French writer and poet Antoine de Saint-Exupéry once famously said, "Even our misfortunes are a part of our belongings." This sentiment seems especially fitting as we enter the fourth night of Hanukkah, the holiday that celebrates the Maccabees' victory over the Greeks.
With a turbulent history ourselves, the Jewish people are able to identify with a present that is molded by past struggles and misfortunes. In commemoration of that victory, Jewish law indicates that a menorah, also known as a Chanukiyah, is lit to remember the miracle of Hanukkah. In its most basic form, a menorah must have eight oil or candleholders neatly lined up in a row on equal height. However, menorahs can be as simple as eight shot glasses or extremely opulent and elaborate.
As the owner of the only auction house in the United States that is dedicated solely to the sale of antique Jewish ritual art, I have had thousands of menorahs pass through my hands over the span of my 30-year career. These functional art pieces not only show the commitment of a people to their religion over the centuries, but also a diversity of style and form that indicates on how long ago and where they were made.
The Jews first immigrated to Poland in 1335 when the ruler, Casimir the Great, established the town of Kazimierz for the Jews, which later became part of Krakow. The Jews there lived in relative peace with their Christian neighbors until World War Two, when the population dropped from 60,000 to about 6,000. The menorah below was created in Krakow in 1851 by artist W. Knaru during a time of relative prosperity for the Jewish community in the area. It is therefore fitting that the piece is pure silver and features a back plate decorated with a stylized harp and floral vignettes. Having survived World War II, the Menorah symbolizes the Jewish peoples' resilience and perseverance to survive.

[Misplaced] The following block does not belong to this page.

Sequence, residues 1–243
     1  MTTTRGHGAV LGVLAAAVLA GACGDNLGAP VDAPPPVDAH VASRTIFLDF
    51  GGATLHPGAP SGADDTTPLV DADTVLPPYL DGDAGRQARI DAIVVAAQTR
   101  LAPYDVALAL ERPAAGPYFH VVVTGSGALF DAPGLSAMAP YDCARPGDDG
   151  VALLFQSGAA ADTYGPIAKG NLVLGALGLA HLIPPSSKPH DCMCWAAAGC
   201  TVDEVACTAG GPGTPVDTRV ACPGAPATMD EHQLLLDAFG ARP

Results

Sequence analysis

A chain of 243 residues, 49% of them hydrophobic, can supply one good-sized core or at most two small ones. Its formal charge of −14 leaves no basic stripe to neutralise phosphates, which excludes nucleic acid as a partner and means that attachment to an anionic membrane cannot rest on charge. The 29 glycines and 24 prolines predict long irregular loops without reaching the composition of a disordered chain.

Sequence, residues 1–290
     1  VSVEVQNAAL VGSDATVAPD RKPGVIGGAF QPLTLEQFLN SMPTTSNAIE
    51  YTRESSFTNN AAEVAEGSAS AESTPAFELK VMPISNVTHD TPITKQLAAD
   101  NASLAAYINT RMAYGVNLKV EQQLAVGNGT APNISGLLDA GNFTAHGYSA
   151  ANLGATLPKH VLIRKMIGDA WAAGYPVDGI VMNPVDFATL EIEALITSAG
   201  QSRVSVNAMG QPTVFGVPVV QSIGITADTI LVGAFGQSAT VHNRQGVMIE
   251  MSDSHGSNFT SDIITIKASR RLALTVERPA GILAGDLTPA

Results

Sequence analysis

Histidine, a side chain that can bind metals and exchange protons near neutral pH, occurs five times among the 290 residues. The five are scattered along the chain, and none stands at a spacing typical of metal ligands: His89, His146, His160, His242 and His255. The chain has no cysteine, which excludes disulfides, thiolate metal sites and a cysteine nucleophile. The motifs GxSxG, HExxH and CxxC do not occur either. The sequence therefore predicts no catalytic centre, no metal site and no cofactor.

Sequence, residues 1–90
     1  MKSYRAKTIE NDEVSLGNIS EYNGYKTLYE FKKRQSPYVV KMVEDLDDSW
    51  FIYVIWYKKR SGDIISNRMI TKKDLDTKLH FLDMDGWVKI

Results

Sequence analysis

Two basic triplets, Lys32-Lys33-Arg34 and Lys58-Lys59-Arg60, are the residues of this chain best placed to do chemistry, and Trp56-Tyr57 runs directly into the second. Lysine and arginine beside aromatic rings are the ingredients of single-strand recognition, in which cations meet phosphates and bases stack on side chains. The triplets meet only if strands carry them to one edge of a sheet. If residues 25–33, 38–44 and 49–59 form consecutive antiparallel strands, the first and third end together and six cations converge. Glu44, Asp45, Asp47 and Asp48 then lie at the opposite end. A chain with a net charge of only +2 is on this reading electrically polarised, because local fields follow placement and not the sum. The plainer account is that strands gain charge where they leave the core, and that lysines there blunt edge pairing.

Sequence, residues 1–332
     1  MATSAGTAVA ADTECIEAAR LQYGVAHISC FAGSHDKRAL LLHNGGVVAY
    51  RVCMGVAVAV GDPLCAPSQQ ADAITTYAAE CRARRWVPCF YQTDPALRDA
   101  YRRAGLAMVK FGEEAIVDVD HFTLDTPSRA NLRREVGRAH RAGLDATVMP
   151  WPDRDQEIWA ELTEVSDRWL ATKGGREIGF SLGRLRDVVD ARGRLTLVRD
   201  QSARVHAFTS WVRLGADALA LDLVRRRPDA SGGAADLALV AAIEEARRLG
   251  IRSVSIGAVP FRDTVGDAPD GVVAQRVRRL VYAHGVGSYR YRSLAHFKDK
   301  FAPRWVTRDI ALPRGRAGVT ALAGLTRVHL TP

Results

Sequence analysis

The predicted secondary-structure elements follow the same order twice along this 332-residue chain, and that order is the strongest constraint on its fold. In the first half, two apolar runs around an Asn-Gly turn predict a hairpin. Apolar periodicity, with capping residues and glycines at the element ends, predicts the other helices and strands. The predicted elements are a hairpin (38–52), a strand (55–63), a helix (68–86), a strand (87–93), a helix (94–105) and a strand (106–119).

Wurzburg again shares a similar Jewish history to Poland and the Ukraine. The Jews arrived in Wurzburg in the 11th century and dealt with constant violence and hatred. They were persecuted during the Crusades in 1119, 1298, and 1349, and were eventually banished completely. They were later allowed to return, and flourished until World War II. Unlike most other European Jewish communities that were devastated during the war, the Jews of Wurzburg have made a comeback, and today, there are many Jewish societies in Wurzburg, including four institutions for Torah study.
This fourth Menorah originates from Wurzburg, Germany and dates back to 1800. It is a Neo-classical design, is hand chased, and in exceptionally fine condition. This piece is especially remarkable because Judaica from Wurzburg is almost unheard of. Lastly, it still contains its original servant lamp.
The menorah below demonstrates a Jewish culture that is fairly unusual. Made in 20th century India, the menorah is decorated in brass in the art nouveau form. Additionally, each of the oil holders are in the shape of a swan.
The Jews' history in India is much happier and peaceful than the others. The Jews there lived without any anti-Semitism and enjoyed high positions under princes as well as in the government, in the military, and in industry. After the State of Israel was established, most Jews in India immigrated to Israel.
Finally, this Trench Art Menorah was made in Israel in 1966. It is made out of a rifle handle and contains an engraved plaque with dedication from then General Yitzchak Rabin.
Yitzhak Rabin's military career was nothing short of extraordinary. He served for 28 years, ending his career as the chief of staff (1964-1968), and commanding the IDF during the Six-Day War, a victory that to this day is shocking and unexplainable. Most notably, Yitzhak Rabin became the Prime Minister in 1974. The Menorah represents the balance between the secular and spiritual that exists in the Jewish state and demonstrates Jews willingness to fight back both through the military and by holding onto our traditions.
This Hanukkah, when Jews light their menorahs, we should remember that the item we are lighting holds a large cultural and historical significance. It symbolizes not only the original victory in Greece and the miracle of the lasting oil, but also the miracle of the surviving Jewish people.